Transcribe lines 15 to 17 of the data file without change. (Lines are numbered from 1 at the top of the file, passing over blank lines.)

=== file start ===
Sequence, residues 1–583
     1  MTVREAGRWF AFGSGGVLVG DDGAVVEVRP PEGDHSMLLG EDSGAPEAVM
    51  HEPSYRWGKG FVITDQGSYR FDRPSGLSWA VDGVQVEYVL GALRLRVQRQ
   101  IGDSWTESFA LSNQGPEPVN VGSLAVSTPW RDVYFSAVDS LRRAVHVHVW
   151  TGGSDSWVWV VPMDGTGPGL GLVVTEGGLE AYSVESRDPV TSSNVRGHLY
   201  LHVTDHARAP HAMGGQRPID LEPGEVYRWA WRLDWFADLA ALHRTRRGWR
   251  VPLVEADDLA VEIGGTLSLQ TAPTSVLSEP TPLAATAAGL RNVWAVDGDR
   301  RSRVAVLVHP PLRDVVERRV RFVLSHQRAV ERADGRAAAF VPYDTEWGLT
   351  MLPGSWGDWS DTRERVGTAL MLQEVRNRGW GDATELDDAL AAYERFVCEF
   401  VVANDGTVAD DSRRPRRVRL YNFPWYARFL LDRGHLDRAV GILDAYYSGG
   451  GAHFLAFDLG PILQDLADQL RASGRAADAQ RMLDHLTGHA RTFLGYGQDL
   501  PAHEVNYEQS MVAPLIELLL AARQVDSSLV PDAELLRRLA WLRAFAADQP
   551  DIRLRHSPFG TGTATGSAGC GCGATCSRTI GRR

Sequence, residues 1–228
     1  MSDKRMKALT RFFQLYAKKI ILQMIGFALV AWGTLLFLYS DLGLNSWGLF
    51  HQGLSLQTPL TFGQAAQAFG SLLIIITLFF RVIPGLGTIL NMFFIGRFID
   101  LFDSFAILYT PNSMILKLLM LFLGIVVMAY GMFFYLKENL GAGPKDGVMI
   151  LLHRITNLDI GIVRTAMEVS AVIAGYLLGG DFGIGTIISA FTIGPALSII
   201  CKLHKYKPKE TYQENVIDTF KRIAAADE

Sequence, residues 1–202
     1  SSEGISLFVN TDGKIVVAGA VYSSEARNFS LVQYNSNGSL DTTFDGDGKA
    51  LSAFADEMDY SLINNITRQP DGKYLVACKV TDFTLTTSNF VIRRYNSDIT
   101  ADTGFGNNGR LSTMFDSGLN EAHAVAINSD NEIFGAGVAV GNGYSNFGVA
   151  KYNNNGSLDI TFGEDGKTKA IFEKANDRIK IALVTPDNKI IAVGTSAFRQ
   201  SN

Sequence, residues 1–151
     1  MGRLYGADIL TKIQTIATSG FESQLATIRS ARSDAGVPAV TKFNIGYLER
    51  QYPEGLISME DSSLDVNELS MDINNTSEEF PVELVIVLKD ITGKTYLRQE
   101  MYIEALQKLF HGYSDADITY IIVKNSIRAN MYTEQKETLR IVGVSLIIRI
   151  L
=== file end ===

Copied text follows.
     1  MSDKRMKALT RFFQLYAKKI ILQMIGFALV AWGTLLFLYS DLGLNSWGLF
    51  HQGLSLQTPL TFGQAAQAFG SLLIIITLFF RVIPGLGTIL NMFFIGRFID
   101  LFDSFAILYT PNSMILKLLM LFLGIVVMAY GMFFYLKENL GAGPKDGVMI